Allegheny County public defender to challenge DA Zappala in election
Longtime Allegheny County District Attorney Stephen A. Zappala Jr. could face a new challenger this fall.
Allegheny County public defender Lisa Middleman announced Monday that she’s launching a campaign for district attorney. She plans to appear on the November ballot as an independent.
“I’ve seen the racist, classist, criminal justice system at work,” Middleman said. “I’ve worked in it, I’ve talked to people around it, and I’ve seen that it’s not working.”
Zappala won the Democratic primary in May against his first challenger in 20 years, Turahn Jenkins, who resigned from his role as chief deputy director in the Allegheny County Public Defender’s Office in order to launch his campaign in July 2018.
Zappala, 61, of Fox Chapel, collected about 59% of the votes to defeat Churchill’s Jenkins, 41.
“I think that the fact that he hasn’t had a challenger demonstrates the power of the party machinery in Allegheny County,” Middleman said. “But we’re seeing elections of young progressive people with ideas that are outside of the old-school political party.”
In the May primary, Bethany Hallam of Ross defeated 20-year incumbent John DeFazio in a Democratic race for an at-large seat on Allegheny County Council. Middleman also pointed to the success of state Rep. Summer Lee, D-Braddock, who defeated former state Rep. Paul Costa in the May 2018 primary. Costa had held his seat since 1999.
Middleman, 57, of Franklin Park, said she must gather at least 3,700 signatures by Aug. 1 in order to appear on the November ballot.
Robert Morris University political science professor Philip Harold doesn’t think Middleman has a shot at beating Zappala. But Jenkins’ showing during the Democratic primary — he garnered about 40% of the vote — could indicate that now is a good time to challenge the incumbent.
“Barring some unforeseen incident, I wouldn’t think he was in danger of losing or anything at this point,” Harold said.
Like Jenkins, Middleman is running on a platform aimed at what both have described as a broken criminal justice system.
“I have 30 years of experience trying the most serious and most difficult cases,” she said. “I understand the issues. I’m not a politician, but I’ve talked to community leaders, I’ve talked to people within the criminal justice system.”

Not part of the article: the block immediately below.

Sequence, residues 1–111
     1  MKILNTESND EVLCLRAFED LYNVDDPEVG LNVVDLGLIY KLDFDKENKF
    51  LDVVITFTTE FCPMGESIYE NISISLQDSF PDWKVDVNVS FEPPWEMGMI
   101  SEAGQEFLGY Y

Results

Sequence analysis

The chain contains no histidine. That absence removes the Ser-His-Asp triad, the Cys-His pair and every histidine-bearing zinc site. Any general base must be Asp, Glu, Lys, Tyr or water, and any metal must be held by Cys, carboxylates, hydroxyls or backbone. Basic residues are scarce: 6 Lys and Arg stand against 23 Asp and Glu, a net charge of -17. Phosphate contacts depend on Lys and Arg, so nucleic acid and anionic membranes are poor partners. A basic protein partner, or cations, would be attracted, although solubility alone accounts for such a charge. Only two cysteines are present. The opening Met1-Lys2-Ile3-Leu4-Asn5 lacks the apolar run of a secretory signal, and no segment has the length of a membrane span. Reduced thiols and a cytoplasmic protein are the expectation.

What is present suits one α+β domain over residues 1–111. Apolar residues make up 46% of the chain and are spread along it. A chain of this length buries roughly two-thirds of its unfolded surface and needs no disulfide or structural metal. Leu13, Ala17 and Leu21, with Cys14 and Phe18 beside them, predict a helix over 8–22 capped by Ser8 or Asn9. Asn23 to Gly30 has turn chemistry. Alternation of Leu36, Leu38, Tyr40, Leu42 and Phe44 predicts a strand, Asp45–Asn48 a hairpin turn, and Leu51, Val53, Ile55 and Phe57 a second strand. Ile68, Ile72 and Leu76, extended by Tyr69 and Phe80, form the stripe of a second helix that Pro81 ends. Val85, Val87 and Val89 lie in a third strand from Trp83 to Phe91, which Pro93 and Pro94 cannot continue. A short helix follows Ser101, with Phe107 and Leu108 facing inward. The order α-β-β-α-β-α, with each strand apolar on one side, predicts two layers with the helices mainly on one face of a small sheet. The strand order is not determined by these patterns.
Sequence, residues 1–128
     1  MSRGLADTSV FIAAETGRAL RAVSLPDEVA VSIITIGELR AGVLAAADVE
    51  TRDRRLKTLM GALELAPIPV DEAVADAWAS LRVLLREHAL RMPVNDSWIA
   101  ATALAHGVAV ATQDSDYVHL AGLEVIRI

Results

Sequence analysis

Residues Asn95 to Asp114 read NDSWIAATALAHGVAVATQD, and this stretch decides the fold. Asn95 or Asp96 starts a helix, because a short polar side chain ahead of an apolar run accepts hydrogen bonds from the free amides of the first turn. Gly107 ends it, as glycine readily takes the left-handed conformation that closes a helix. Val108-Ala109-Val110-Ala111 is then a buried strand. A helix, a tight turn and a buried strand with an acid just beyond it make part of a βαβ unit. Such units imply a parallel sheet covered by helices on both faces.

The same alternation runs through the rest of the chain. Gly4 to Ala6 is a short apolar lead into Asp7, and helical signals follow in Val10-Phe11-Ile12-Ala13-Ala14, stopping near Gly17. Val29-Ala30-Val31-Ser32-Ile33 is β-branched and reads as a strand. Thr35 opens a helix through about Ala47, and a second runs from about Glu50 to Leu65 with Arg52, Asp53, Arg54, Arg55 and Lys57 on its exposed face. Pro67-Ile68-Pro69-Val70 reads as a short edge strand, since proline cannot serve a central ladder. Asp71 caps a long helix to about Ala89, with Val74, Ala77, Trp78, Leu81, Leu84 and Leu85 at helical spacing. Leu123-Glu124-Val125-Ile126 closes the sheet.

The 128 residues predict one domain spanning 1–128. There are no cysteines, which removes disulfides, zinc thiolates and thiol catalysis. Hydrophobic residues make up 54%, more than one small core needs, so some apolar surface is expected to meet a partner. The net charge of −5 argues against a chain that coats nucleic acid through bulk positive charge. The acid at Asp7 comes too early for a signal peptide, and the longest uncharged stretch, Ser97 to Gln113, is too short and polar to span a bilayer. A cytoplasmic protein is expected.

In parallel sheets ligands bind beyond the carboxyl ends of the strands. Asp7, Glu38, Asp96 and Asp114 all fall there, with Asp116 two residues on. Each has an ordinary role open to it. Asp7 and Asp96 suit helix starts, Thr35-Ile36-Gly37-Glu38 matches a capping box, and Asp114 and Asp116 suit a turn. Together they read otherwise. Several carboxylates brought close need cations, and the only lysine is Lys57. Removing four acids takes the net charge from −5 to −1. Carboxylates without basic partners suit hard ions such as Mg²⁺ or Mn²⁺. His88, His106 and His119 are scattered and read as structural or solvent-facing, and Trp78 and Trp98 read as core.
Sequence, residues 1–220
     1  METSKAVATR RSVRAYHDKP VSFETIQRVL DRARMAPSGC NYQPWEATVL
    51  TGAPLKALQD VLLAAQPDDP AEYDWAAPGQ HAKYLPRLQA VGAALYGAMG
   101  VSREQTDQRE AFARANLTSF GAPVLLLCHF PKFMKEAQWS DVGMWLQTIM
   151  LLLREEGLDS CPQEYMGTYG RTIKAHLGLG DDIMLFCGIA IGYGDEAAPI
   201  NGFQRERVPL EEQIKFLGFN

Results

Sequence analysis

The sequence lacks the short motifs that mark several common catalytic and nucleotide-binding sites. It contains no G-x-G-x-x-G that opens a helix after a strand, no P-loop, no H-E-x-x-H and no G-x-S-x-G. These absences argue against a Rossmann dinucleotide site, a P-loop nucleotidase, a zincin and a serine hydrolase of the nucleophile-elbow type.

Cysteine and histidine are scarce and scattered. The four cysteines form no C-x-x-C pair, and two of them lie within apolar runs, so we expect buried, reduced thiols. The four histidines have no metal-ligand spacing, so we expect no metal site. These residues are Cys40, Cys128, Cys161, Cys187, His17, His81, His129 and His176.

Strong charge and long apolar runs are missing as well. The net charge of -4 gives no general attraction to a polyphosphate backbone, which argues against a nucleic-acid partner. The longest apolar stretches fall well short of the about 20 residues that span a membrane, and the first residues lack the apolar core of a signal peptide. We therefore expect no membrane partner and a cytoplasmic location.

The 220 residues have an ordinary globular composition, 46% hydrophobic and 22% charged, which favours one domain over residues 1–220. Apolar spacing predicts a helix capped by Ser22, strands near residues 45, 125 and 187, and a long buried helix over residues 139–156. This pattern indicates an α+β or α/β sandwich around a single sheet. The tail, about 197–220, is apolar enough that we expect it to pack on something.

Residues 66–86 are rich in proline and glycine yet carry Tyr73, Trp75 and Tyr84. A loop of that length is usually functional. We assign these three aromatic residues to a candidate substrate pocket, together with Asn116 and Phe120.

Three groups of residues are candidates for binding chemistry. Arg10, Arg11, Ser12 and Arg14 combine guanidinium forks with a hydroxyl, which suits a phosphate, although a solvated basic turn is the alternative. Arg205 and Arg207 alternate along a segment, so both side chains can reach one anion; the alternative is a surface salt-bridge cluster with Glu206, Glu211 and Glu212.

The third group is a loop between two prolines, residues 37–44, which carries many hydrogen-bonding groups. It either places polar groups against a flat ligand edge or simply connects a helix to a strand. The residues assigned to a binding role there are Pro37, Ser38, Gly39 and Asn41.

Middleman credited Zappala with bringing attention to issues like domestic violence and the rights of women and victims, but said that progress has been stagnant.
“We just need to continue now so that we can solve the problem,” she said, adding that she’s also interested in working on diversion programs that address issues like mental health, addiction, poverty, joblessness and homelessness intended to keep people out of the criminal justice system.
Middleman also criticized Zappala’s handling of the trial of Michael Rosfeld, a former East Pittsburgh police officer acquitted in March of homicide in the shooting death of 17-year-old Antwon Rose II, describing it as a “conflict of interest.”
She suggested establishing an independent body whose sole purpose is to investigate instances of police misconduct.
In the absence of that body, the Rosfeld case should have been referred to the state attorney general’s office, she said.
Zappala’s campaign did not respond to requests for comment.
Middleman grew up in Pittsburgh’s Highland Park neighborhood, studied at Duke University and graduated from the University of Pittsburgh Law School in 1987.
In addition to working in the public defender’s office for the past 32 years, Middleman helped to organize her union through the United Steelworkers. She currently serves as the grievance officer. She also works as a private criminal defense attorney.
She has not had to resign from her job as a public defender to run her campaign, she said.
“I just have to work twice as hard and twice as long,” she said.
Jamie Martines is a Tribune-Review staff writer. You can contact Jamie at 724-850-2867, [email protected] or via Twitter .